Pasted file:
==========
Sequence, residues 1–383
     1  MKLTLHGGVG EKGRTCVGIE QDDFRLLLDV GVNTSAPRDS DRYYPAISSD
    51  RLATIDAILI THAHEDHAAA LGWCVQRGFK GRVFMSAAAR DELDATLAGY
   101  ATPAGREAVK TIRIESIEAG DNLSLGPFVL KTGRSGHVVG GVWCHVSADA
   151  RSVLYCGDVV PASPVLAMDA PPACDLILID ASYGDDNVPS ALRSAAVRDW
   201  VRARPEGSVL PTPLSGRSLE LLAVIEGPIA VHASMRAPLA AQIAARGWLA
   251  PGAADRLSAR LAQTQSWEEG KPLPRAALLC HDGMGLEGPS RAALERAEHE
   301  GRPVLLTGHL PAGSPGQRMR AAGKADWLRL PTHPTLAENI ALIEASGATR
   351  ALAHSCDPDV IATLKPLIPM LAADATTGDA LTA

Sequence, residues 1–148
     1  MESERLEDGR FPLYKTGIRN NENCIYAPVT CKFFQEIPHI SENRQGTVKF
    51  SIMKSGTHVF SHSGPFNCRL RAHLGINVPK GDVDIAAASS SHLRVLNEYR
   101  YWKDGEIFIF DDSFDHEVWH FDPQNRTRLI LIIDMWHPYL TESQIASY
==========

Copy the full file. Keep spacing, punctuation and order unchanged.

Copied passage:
Sequence, residues 1–383
     1  MKLTLHGGVG EKGRTCVGIE QDDFRLLLDV GVNTSAPRDS DRYYPAISSD
    51  RLATIDAILI THAHEDHAAA LGWCVQRGFK GRVFMSAAAR DELDATLAGY
   101  ATPAGREAVK TIRIESIEAG DNLSLGPFVL KTGRSGHVVG GVWCHVSADA
   151  RSVLYCGDVV PASPVLAMDA PPACDLILID ASYGDDNVPS ALRSAAVRDW
   201  VRARPEGSVL PTPLSGRSLE LLAVIEGPIA VHASMRAPLA AQIAARGWLA
   251  PGAADRLSAR LAQTQSWEEG KPLPRAALLC HDGMGLEGPS RAALERAEHE
   301  GRPVLLTGHL PAGSPGQRMR AAGKADWLRL PTHPTLAENI ALIEASGATR
   351  ALAHSCDPDV IATLKPLIPM LAADATTGDA LTA

Sequence, residues 1–148
     1  MESERLEDGR FPLYKTGIRN NENCIYAPVT CKFFQEIPHI SENRQGTVKF
    51  SIMKSGTHVF SHSGPFNCRL RAHLGINVPK GDVDIAAASS SHLRVLNEYR
   101  YWKDGEIFIF DDSFDHEVWH FDPQNRTRLI LIIDMWHPYL TESQIASY